Cline says she felt no ill effects and was active the next day. It was a far cry from her three previous thoracotomy operations, in which the ribs are sawed or spread by a splitter. In the first operation, doctors removed a two-and-a-half-pound tumor that was the size of a "small football," Cline says. The second found a tennis-ball-sized tumor, while the third extracted both tennis-ball- and golf-ball-sized tumors. Her fourth involved open-heart surgery, in which two more sizable tumors were discovered.

After the most recent surgery, she was bedridden for the better part of 10 weeks.

"The doctor told me flat out, 'We can't keep doing this. We can't keep putting you under, doing this to your body. You just won't make it,'" Cline says. "When I saw [the Cyberknife] -- even if it might not really work -- it didn't give me any worse chance than the previous surgeries."

By comparison, it was "a walk in the park." Stern brags that he took his girlfriend out for dinner the very day he was under the Cyberknife.

But if Stern thought it was a miracle cure, it would be a while before he convinced friends and family. A retired physician he knows said the whole procedure sounded "fishy." Stern's 90-year-old brother also thought it unwise for him to volunteer for the clinical trial.

"He said, 'You're gambling.' I said, 'What do you mean, I'm gambling? The other way, I know what's going to happen to me: I'll have to go into a nursing home and die. This way, at least I have a chance.'"

His bet appears to have paid off. Of the 10 original volunteers, 2 didn't last. One man's tumor was shrinking after Cyberknife treatment, but he died of an infection unrelated to cancer. Another man's tumor had grown too large by the time he went under the robotic arm; he also died.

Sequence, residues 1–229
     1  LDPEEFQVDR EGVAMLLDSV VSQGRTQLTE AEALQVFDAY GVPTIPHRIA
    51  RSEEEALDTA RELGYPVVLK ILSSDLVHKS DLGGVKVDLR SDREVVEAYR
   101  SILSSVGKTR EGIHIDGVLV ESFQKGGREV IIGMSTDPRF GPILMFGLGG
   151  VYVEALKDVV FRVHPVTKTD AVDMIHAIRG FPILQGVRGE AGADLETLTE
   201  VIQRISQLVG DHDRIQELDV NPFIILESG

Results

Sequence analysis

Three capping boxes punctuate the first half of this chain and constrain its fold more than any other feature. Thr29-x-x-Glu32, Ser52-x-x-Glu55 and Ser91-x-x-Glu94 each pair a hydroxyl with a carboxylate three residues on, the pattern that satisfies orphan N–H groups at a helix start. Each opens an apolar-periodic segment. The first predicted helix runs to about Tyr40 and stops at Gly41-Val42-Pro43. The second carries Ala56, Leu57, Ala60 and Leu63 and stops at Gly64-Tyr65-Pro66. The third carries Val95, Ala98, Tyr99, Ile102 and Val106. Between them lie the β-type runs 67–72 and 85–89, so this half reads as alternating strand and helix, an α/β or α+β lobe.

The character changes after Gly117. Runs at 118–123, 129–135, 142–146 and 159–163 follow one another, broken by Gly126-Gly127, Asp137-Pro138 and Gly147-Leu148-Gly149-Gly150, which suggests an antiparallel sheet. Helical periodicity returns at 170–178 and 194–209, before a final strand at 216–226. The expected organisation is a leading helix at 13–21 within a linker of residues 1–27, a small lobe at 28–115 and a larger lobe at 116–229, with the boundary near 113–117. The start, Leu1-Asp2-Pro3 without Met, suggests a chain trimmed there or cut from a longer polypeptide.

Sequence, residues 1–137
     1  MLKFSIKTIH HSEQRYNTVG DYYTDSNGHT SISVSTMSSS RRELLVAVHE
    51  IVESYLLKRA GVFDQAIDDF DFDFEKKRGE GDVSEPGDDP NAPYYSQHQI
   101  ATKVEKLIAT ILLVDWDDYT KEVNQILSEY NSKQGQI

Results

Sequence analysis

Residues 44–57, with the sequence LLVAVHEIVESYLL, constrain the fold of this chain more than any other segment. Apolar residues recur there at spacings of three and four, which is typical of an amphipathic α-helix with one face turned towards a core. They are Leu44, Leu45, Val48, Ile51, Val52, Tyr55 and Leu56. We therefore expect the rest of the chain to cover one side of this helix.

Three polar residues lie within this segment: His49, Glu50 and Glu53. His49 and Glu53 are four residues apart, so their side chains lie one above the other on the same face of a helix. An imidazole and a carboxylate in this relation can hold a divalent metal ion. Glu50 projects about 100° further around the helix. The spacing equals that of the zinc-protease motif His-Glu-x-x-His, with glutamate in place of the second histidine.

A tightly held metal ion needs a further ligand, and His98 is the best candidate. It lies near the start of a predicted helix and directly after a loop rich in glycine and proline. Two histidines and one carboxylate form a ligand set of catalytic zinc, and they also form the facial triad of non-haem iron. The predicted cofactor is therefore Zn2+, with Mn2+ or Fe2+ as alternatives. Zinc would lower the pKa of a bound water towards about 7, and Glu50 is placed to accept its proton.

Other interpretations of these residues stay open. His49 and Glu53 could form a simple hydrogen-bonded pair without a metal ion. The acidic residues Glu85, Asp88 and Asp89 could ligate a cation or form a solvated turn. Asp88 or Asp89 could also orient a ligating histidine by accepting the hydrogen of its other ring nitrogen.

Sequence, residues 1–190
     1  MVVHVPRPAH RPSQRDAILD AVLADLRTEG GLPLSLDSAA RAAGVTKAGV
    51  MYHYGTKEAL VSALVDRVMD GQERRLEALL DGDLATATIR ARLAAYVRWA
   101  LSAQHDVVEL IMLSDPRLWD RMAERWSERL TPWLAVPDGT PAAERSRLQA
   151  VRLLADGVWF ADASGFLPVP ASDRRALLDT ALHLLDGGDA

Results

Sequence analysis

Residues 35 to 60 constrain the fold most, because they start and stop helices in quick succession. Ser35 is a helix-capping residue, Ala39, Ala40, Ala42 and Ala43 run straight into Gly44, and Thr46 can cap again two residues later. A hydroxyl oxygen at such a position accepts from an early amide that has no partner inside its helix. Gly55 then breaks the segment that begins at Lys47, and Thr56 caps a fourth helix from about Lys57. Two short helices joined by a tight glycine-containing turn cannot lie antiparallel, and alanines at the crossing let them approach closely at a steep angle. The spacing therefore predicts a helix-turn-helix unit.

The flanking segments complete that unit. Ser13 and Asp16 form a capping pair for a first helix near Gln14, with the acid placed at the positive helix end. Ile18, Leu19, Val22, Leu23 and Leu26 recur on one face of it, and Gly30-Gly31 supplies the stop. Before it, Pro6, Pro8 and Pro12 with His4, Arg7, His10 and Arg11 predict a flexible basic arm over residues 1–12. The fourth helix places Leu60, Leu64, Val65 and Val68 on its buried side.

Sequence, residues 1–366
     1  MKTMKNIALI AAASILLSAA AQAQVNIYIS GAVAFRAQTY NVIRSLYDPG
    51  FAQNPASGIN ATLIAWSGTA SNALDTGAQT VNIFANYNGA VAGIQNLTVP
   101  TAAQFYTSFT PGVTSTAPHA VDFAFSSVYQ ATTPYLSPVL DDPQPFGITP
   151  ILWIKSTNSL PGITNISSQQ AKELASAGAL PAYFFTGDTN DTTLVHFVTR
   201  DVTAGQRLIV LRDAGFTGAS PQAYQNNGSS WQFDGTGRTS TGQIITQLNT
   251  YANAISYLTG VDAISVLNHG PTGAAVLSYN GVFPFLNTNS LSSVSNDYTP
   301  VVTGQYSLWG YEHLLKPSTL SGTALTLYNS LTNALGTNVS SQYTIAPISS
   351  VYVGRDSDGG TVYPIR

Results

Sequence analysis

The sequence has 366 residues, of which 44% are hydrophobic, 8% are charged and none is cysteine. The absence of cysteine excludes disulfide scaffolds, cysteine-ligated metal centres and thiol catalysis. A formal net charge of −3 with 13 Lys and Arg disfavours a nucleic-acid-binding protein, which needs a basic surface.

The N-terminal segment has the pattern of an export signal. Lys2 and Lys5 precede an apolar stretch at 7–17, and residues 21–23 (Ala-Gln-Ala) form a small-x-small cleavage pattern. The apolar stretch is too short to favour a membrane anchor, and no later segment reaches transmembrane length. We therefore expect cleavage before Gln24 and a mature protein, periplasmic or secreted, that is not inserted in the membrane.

Yet Stern, Cline, and the other six patients are very much alive. Rodebaugh won't say they're cured, but four months after the treatment, the patients have all seen exactly what they hoped to see: shrinking tumors.

Cleveland Clinic is one of the nation's leading medical research facilities, but the Cyberknife results are a big deal even by the clinic's standards. Dr. Roger Macklis, chairman of the Department of Radiation Oncology, made sure the clinic bought a Cyberknife -- there are only five in the world -- and he's giddy over the investment's early dividends. The first experiment shows "profound potential" for killing other forms of cancer, he believes, especially since lung cancer is so difficult to treat.

"In essence, we're doing the hardest part first," says Dr. Richard Crownover, the oncologist on the study. "If we can treat lung tumors, where the movements are very large and complicated, then it means we can easily treat other kinds of tumors using the same method."

The clinical trial is still in its first phase. The next group of 15 patients will receive increased radiation, which enhances the Cyberknife's power, but also entails more risk of damage to healthy tissue. A study on prostate cancer recently commenced, and Crownover says the clinic will be testing the robot's effect on liver and breast cancer soon.

"We can treat a whole new crop of patients radiosurgically, in the rest of the body," says Crownover. "If I were to speculate wildly, I'd say that may turn into 10 to 15 percent of cancer treatments, and that's a lot."

Macklis, however, is quick to point out that "we have not cured lung cancer." The Cyberknife can't treat the largest, most lethal tumors, because the doses of radiation needed would harm healthy tissue. And the procedure can't eradicate cancer that's spread throughout the body.

The key is catching tumors while they're small and manageable. That means no operating tables, no chemotherapy, no prolonged hospital stays.

Stern, retired since 1964, has never been a homebody, but since his cancer treatment, he's caught a second wind. He not only bowls; he sits on the Friends of the Mayfield Library committee and organizes dances and other social outings for seniors.

Cline is happy to stay at home. She's nursing her ailing husband and watching after two grandchildren. For the first time in eight years, she finally feels she has the upper hand against her tumors.